Young pianist enjoys blissful, busy start to musical career
June 22, 2005
Jonathan Biss says the classical musicians he knows break roughly into two camps: those who use the opportunities to travel and connect with different people as a way of developing worldly and expansive minds, and those who are focused so narrowly on their music that they shut out other input. After a conversation that included a long interlude into Woody Allen’s filmography and “The Simpsons,” it became clear to me that pianist Biss belongs to the former realm.At 24, Biss is breaking into the upper ranks of soloists. Having performed with most major North American orchestras, he will make his debut this summer with six prominent festivals, including Tanglewood and the Hollywood Bowl in the United States, Norway’s Risor Festival and Mostly Mozart in London. He also has a prominent role in the first week of the Aspen Music Festival’s 2005 summer season, performing in a chamber music concert Saturday and as a featured artist with the Aspen Festival Orchestra’s first concert, Sunday, June 26.While he maintains the frantic international schedule common to a rising young soloist – one recent year included a numbing 11 trans-Atlantic trips – Biss makes room for plenty else. He is enrolled in a Columbia University program that allows him to pursue a degree at a slow but steady pace. At the rate of one course a year, he has studied politics and literature, with philosophy up next. He is also an avid jazz lover. Biss arrived in Aspen this week uncommonly refreshed, thanks to a three-week break in which he never left New York, where he resides: “The world’s most unglamorous vacation. Three weeks of sleeping in my own bed. Just what I needed.” The three-week breather, which allows opportunities to practice but not perform, has become an integral part of hisexistence.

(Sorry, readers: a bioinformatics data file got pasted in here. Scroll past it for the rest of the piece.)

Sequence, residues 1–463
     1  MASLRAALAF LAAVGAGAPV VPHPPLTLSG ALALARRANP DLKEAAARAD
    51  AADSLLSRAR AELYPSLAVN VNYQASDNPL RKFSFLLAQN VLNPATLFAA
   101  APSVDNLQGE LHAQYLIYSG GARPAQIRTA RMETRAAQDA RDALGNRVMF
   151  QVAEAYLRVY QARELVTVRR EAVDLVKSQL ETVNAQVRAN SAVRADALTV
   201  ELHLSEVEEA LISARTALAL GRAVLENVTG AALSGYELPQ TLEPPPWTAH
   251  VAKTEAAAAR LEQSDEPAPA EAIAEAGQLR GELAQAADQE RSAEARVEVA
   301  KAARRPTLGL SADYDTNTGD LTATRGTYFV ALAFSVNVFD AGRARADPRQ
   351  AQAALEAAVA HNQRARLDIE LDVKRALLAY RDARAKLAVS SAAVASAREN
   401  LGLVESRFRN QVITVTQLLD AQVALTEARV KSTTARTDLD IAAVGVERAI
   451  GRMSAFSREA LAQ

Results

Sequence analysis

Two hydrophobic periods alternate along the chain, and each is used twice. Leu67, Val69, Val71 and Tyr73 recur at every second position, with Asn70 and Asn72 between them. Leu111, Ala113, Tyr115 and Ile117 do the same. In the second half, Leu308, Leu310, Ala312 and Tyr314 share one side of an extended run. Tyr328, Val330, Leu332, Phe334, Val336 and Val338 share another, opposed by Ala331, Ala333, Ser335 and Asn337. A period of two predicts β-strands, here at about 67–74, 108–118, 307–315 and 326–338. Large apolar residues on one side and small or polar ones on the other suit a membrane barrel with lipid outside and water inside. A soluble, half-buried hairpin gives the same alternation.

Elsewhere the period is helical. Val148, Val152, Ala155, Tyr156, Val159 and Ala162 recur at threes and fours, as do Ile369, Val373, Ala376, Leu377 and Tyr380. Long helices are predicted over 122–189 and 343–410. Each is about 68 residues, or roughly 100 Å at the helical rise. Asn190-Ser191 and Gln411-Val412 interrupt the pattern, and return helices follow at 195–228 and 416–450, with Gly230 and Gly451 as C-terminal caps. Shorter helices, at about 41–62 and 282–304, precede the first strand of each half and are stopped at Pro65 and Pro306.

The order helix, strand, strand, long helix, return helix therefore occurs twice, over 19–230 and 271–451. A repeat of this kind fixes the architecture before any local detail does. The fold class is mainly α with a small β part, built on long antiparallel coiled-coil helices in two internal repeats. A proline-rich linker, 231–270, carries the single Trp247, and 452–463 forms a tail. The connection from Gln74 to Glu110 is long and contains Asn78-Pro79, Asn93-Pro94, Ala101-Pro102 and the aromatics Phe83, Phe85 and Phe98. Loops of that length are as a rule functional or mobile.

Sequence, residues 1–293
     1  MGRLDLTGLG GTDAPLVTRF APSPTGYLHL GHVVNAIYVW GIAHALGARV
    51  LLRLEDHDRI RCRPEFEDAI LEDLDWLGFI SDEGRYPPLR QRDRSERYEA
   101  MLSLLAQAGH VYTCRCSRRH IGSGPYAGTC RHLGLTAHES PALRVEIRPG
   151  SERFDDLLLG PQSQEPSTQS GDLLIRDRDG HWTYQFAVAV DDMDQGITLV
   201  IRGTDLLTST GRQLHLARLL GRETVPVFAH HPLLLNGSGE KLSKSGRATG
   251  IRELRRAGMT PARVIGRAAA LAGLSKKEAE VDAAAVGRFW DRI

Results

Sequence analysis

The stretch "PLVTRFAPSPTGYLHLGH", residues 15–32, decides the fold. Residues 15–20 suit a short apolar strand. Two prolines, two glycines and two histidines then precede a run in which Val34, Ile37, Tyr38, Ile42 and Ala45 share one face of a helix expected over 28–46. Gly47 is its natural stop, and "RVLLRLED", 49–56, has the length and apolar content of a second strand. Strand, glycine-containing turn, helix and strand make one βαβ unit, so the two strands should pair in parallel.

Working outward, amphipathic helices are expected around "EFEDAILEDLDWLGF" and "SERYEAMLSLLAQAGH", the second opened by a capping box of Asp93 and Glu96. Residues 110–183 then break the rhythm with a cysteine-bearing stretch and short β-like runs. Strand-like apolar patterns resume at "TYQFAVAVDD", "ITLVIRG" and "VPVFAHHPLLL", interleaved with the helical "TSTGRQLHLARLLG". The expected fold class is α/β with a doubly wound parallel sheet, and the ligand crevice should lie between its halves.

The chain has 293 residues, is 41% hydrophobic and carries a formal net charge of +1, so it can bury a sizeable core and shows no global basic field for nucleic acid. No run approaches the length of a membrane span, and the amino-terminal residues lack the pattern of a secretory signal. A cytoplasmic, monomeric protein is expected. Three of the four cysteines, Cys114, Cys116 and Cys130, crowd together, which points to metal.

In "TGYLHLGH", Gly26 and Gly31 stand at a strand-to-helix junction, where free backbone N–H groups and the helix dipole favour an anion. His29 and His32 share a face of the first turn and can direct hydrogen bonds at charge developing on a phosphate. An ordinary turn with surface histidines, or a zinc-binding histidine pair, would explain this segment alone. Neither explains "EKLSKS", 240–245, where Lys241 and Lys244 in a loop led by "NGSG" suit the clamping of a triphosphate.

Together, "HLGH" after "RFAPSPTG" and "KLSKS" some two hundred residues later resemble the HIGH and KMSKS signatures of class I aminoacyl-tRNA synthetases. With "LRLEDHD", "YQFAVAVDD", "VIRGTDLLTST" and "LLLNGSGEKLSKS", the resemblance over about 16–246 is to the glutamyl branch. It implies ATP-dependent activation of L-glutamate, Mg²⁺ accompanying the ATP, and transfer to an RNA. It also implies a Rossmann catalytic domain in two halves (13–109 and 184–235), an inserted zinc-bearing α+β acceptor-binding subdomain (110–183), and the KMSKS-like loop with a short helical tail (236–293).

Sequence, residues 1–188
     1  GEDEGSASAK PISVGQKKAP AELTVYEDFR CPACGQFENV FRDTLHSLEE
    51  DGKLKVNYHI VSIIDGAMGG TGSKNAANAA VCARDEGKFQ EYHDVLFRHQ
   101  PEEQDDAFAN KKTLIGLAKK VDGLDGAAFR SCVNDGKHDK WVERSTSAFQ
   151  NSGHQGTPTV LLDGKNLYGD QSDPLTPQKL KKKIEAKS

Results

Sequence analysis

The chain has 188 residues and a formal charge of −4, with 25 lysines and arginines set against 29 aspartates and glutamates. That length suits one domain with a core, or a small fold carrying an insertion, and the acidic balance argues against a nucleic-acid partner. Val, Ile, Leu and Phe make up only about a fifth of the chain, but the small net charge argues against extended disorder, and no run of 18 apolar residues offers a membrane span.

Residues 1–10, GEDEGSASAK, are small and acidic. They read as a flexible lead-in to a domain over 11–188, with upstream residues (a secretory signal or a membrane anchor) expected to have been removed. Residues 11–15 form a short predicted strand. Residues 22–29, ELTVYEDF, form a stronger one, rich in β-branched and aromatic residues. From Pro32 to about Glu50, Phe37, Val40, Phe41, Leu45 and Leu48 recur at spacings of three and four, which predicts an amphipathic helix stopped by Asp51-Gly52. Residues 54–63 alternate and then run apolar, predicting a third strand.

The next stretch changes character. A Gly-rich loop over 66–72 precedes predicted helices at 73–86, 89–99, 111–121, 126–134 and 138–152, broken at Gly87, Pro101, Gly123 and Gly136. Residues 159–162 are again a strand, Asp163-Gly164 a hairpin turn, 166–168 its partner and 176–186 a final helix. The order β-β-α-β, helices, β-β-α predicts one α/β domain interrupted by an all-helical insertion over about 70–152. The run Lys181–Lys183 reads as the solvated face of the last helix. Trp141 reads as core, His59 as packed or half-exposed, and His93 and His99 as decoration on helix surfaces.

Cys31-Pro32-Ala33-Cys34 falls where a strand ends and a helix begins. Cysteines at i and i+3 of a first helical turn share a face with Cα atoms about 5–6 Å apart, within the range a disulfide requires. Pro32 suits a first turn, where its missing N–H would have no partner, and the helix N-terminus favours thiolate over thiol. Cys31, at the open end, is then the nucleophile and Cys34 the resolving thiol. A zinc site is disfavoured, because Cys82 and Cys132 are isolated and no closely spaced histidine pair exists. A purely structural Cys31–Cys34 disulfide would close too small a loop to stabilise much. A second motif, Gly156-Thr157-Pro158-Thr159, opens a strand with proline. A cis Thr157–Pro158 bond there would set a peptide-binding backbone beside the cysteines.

“I live in horror of being the ignorant musician who doesn’t learn anything, doesn’t know anything else,” said Biss, whose personality is balanced between a visible intelligence and a casual affability. “You have to work doubly hard to feel well-grounded and -rounded.”That broadminded approach seems a natural product of his upbringing. Biss’ parents, Miriam Fried and Paul Biss, are violinists who both perform and teach at Indiana University. (Biss’ late maternal grandmother, Raya Garbousova, was the first prominent female cellist; Samuel Barber wrote his cello concerto for her in 1945. Biss knew his grandmother well, but never saw her perform nor even saw her hold the cello.) His folks were the antithesis of the overbearing stage parents, ignoring as best they could the 4-year-old Jonathan’s pleas for piano lessons. Biss went to a public high school and stayed far from the prodigy track.”They wanted me to be really sure I was doing it just for myself,” said Biss, adding that his parents finally gave in to his desire for lessons when he was 6. “Because they know how hard it is. They were adamant that I get an education and do something else. They were in no hurry for me to follow in their footsteps. They wanted me to do what was right for me.”At the same time, music filled the Biss’ Bloomington, Ind., household – not just the music itself, but the idea that making music could be a way of life.”I was relatively old before I realized that it wasn’t the most normal thing one could do with one’s life,” he said. “In elementary school, I finally realized that there were other professions. But I couldn’t imagine what they were.”Ironically, the combination of seeing music as “the most natural means of expression” and having the freedom not to pursue it instilled in Biss a clear sense of purpose. He entered Philadelphia’s Curtis School of Music with uncommon clarity. “I met many people who didn’t have that certainty,” he said. “I was glad I never doubted why I was doing it.”